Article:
The GPS is not the territory

If you've been searching for the best source of information and stimulating discussion related to Spring/Summer/Fall backpacking, hiking and camping in the Sierra Nevada...look no further!
Shawn
Topix Expert
Posts: 939
Joined: Sat Nov 12, 2005 9:56 pm
Experience: Level 4 Explorer

Re: The GPS is not the territory

Post by Shawn » Wed Oct 28, 2009 8:40 pm

Good words of wisdom SSSDave.

And Mr. B - nice picture!

I usually have an 8x11 map stuck in my front pants pocket which I refer to often and a full map stashed in a cargo pocket.

Years ago I read thru this little gem of a book before venturing off trail. Not long after I was meandering down Sphinx Creek on my way out and expecting to see the obvious trail which I had just left the day before. Rather than refer to my map (just like SSSDave says above) I had *assumed* (cough) that the trail would be obvious where it crosses the creek. After all, it seemed simply enough when I left the trail.

Anyway, I walked right past the trail and a fair amount beyond it. Eventually I noticed my surroundings didn't look right and my gut was telling me something was wrong. As I peered down the next headwall to descend, that little book kicked in and I came to a full stop.

A quick glance at my altimeter watch provided the altitude, a look at my map told me specifically where I was along the creek. Needless to say I turned around and marched back to the trail.

Thankfully this simple little lesson has served me well over the last half-dozen years, thus my comment about SSSDave's words of wisdom.
Image








User avatar
rlown
Topix Docent
Posts: 6811
Joined: Thu Oct 25, 2007 5:00 pm
Experience: Level 4 Explorer
Location: Petaluma, CA

Re: The GPS is not the territory

Post by rlown » Thu Oct 29, 2009 11:50 am

Shawn wrote:A quick glance at my altimeter watch provided the altitude, a look at my map told me specifically where I was along the creek. Needless to say I turned around and marched back to the trail.
how is an altimeter watch better than a GPS? I have to admit that maps are great if you can see landmarks. My maps are well worn as well, and carried in my pocket, but it seems every 15 mins, i get asked, "where are we?", if i'm leading a hike. GPS kinda removes that setting altitude/pressure issue with altimeters. I'm not saying GPS are perfect all the time, but i like mine when it gives me 3+ satelites.. My map has become a backup to gps if i have problems on the trail.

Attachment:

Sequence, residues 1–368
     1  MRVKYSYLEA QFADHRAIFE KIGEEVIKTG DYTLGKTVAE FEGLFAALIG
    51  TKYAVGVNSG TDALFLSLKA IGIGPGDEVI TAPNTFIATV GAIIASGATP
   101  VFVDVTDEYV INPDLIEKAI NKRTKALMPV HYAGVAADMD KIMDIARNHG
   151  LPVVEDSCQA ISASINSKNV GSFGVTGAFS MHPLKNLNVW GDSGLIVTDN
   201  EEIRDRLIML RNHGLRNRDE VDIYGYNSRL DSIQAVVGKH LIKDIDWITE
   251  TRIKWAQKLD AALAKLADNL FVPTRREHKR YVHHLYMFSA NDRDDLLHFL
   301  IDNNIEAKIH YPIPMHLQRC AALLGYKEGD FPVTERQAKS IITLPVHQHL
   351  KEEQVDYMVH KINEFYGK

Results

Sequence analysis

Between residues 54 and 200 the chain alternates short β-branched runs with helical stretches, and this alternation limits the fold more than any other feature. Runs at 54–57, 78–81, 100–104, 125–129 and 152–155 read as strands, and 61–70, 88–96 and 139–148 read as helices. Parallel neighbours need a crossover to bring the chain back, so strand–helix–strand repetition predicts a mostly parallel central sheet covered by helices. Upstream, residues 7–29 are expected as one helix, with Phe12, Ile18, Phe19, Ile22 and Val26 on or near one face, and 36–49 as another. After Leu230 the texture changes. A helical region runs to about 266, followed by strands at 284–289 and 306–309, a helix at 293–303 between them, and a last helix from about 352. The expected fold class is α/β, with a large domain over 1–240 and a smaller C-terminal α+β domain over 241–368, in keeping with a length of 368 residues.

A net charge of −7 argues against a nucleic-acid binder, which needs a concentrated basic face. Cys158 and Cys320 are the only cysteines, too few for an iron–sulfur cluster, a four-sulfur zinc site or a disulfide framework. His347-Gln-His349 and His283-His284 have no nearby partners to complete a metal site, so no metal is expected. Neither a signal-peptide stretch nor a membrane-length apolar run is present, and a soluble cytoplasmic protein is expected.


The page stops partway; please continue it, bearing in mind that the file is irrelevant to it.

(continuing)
If weather blocks me and i'm off trail, i hunker down.

Shawn
Topix Expert
Posts: 939
Joined: Sat Nov 12, 2005 9:56 pm
Experience: Level 4 Explorer

Re: The GPS is not the territory

Post by Shawn » Thu Oct 29, 2009 9:55 pm

It's not that the altimeter watch is better or worse than a GPS, it's just having the altitude information given my situation.

Since I knew I was clearly along the Sphinx creek, all I needed was the altitude info to pinpoint my location by using the elevation/contour lines on the map where they intersect with the creek. Once I could determine where I was along the creek I could readily see that I had passed the trail crossing. I think this is refered to as "straight line navigation".

My Suunto watch isn't all that accurate (my GPS is much more accurate but I don't carry it that much). But I've had the watch for so long I've learned it's altitude variances without having to adjust it much.

Funny you should mention being asked all the time about "where are we" when leading a hike. I actually experience the opposite, seems no one cares which troubles me a bit. Wouldn't you think others would want to have a clue just in case?

User avatar
Jmma
Topix Acquainted
Posts: 28
Joined: Sun Oct 12, 2008 9:57 am
Experience: N/A

Re: The GPS is not the territory

Post by Jmma » Wed Nov 04, 2009 7:14 am

There was an article recently in the local paper where I live in Ventura County about emergency beacons.It was similar to this GPS story,hi tech gear cheaply available to low tech thinkers.It told a story about a group hiking down the Grand Canyon that used their emergency beacon to summon help because the water in their bottles tasted salty!Unbelievable!The rescue crew arrived in a helicopter to find this out.They then summoned help 2 more times for frivilous non emergency B.S. and the third time the rescue crew made them all get in the helicopter and told them they have to go home.I would hope that the people in theese ignorant non emergency situations are fined to cover the costs and danger they put rescue crews in.

Cross Country
Topix Fanatic
Posts: 1309
Joined: Thu Dec 24, 2009 11:16 am
Experience: Level 4 Explorer

Re: The GPS is not the territory

Post by Cross Country » Thu Feb 18, 2010 5:42 pm

Shawn
I'm confused as to where you were hiking down Sphinx Creek. As far as I know (I've been to Sphinx 5 times). if you're walking down the creek and miss the trail you wouldn't want to go back to Sphinx Creek Crossing. Instead you would hike somewhat uphill and basically to the right -- much shorter and easier.

Post Reply

Who is online

Users browsing this forum: canukyea, creekfeet, FilthyPhill, Flamingo, goddard's will, TCalfee, Yahoo [Bot] and 5 guests